Anton Wilhelm Amo

From Wikipedia, the free encyclopedia
Jump to navigation Jump to search
Anton Wilhelm Amo
Bornc. 1703
Diedc. 1759
Other namesAntonius Guilelmus Amo Afer
EducationUniversity of Helmstedt
University of Halle
University of Wittenberg
EraContemporary philosophy
RegionWestern philosophy
SchoolRationalism
InstitutionsUniversity of Halle
University of Jena
Main interests
Philosophy of mind
Notable ideas
Critique of Descartes' philosophy of mind[1]

Anton Wilhelm Amo or Anthony William Amo (c. 1703 – c. 1759) was an African philosopher originally from what is now Ghana. Amo was a professor at the universities of Halle and Jena in Germany after studying there. Brought to Germany by the Dutch West India Company in 1707 as a child-slave, and given as a gift to Dukes August Wilhelm and Ludwig Rudolf von Wolfenbüttel,[2] he was treated as a member of the family by their father Anthony Ulrich, Duke of Brunswick-Wolfenbüttel. Amo was the first African-born person known to have attended an European university.

Early life and education[edit]

Plaque to Anton Wilhelm Amo, quadrangle, Wittenberg University

Amo was a Nzema (an Akan people). He was born in Axim in the Western region of present-day Ghana, but at the age of about four he was taken to Amsterdam by the Dutch West India Company. Some accounts say that he was taken as a slave, others that he was sent to Amsterdam by a preacher working in Ghana. The truth of the matter is that he was given as a "present" to Anthony Ulrich, Duke of Brunswick-Wolfenbüttel, to whose palace in Wolfenbüttel he was taken.[3]

Amo was baptised (and later confirmed) in the palace's chapel. He was treated as a member of the Duke's family, and was educated at the Wolfenbüttel Ritter-Akademie (1717–21) and at the University of Helmstedt (1721–27).

He went on to the University of Halle, whose Law School he entered in 1727. He finished his preliminary studies within two years, titling his thesis Dissertatio Inauguralis de Jure Maurorum in Europa (1729). This manuscript on The Rights of Moors in Europe is lost, but a summary was published in his university's Annals (1730). For his further studies Amo moved to the University of Wittenberg, studying logic, metaphysics, physiology, astronomy, history, law, theology, politics, and medicine, and mastered six languages (English, French, Dutch, Latin, Greek, and German). His medical education in particular was to play a central role in much of his later philosophical thought.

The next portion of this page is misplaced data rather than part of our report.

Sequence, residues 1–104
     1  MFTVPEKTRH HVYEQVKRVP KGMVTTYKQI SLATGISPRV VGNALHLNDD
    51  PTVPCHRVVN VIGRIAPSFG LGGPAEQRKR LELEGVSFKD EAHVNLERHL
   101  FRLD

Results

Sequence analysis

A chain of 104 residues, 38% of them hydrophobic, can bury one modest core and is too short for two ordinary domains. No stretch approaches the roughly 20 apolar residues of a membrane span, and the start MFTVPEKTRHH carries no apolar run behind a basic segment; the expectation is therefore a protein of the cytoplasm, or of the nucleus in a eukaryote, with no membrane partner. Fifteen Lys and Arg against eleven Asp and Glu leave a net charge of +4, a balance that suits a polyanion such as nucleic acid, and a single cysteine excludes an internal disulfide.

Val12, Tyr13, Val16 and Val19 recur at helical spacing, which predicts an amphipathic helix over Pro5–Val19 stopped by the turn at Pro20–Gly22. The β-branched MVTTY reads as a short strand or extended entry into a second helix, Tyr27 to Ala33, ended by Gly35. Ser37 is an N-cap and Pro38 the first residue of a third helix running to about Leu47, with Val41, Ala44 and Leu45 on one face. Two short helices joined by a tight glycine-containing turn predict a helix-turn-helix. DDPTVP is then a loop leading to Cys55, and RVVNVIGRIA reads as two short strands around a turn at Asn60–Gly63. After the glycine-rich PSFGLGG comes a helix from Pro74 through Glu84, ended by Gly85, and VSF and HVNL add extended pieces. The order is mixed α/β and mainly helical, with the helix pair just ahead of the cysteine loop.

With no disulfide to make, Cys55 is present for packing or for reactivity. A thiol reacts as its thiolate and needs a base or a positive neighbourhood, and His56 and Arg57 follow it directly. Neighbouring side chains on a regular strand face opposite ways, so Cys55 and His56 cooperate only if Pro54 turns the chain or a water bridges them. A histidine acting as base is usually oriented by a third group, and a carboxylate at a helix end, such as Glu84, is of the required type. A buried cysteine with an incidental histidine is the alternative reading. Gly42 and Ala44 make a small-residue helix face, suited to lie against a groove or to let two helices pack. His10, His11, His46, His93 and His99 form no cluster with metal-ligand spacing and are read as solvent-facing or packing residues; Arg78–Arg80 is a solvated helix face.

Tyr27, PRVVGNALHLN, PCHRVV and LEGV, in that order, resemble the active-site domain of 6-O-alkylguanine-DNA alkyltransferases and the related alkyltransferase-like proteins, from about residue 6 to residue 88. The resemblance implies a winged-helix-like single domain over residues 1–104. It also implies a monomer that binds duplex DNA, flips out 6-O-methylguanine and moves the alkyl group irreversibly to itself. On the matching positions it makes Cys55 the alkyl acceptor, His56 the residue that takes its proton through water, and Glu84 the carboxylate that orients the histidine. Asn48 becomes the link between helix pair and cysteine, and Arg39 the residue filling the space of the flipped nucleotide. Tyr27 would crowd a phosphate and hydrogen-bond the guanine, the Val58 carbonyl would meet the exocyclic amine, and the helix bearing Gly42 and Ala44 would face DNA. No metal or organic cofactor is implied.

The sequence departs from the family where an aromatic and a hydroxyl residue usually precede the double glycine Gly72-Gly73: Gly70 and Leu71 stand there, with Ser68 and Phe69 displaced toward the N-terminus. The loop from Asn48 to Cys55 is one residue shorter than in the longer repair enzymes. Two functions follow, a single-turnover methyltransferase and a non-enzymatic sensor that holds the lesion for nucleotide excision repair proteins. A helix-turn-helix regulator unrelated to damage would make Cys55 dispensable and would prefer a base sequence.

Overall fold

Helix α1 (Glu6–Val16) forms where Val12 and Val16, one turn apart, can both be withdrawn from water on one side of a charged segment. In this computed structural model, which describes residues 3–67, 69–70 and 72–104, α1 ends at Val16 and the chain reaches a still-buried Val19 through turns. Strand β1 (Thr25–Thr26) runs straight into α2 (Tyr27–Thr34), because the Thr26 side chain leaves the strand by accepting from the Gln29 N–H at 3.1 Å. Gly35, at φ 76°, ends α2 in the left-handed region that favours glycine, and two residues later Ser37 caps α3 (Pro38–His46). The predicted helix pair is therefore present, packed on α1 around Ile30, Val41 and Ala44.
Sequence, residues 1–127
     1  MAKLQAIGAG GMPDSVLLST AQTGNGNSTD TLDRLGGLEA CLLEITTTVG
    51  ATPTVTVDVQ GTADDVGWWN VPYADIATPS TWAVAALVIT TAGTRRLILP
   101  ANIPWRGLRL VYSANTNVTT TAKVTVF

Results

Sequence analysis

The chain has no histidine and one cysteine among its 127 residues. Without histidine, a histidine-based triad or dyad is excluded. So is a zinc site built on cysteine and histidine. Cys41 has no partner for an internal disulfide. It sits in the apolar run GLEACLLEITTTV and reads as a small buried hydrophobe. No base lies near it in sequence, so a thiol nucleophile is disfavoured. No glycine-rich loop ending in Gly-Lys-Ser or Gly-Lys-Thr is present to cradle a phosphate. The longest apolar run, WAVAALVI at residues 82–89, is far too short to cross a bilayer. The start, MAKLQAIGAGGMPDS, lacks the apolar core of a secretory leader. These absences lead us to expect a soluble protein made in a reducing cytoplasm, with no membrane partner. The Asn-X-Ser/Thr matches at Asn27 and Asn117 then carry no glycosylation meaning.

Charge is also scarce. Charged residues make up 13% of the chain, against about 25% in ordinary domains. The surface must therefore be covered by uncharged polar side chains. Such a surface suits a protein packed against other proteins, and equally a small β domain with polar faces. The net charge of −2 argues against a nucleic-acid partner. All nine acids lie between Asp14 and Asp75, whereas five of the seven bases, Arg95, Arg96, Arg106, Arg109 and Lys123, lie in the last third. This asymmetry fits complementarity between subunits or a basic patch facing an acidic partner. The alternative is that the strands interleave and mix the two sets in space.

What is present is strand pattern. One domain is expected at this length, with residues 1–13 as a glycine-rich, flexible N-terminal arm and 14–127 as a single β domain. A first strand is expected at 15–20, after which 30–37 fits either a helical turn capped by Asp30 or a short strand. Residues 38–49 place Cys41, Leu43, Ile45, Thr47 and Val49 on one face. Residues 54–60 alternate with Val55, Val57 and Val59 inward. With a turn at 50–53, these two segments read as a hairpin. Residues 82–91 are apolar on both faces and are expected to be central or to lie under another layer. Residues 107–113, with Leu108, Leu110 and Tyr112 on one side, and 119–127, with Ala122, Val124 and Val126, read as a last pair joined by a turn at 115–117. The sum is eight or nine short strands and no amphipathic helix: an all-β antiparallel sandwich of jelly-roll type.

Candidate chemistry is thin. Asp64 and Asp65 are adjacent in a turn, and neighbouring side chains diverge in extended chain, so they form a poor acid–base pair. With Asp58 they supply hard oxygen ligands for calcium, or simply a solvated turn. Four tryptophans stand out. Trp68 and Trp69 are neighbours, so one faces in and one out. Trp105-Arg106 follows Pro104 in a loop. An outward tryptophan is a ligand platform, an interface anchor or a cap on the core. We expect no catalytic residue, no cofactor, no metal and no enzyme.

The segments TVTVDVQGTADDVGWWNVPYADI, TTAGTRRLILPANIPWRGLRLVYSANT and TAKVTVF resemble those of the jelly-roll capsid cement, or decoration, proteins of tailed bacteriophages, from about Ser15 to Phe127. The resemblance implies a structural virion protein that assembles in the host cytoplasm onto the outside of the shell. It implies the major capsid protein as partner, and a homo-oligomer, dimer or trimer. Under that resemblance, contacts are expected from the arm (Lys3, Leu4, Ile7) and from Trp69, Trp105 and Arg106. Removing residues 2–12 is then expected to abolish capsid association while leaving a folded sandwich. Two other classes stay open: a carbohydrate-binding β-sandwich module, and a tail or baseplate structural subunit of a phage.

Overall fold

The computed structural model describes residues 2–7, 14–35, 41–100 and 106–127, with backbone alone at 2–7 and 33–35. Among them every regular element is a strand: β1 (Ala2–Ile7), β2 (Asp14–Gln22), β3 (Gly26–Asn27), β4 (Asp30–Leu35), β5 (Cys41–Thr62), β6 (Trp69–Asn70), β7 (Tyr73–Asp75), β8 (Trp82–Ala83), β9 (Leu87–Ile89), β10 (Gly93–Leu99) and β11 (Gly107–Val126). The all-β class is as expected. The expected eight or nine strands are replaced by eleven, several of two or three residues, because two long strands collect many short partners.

He gained his doctorate in philosophy at Wittenberg in 1734; his thesis (published as On the Absence of Sensation in the Human Mind and its Presence in our Organic and Living Body) argued against Cartesian dualism in favour of a broadly materialist account of the person. He accepted that it is correct to talk of a mind or soul, but argued that it is the body rather than the mind which perceives and feels.

Whatever feels, lives; whatever lives, depends on nourishment; whatever lives and depends on nourishment grows; whatever is of this nature is in the end resolved into its basic principles; whatever comes to be resolved into its basic principles is a complex; every complex has its constituent parts; whatever this is true of is a divisible body. If therefore the human mind feels, it follows that it is a divisible body.

(On the Ἀπάθεια (Apatheia) of the Human Mind 2.1)

Philosophical career and later life[edit]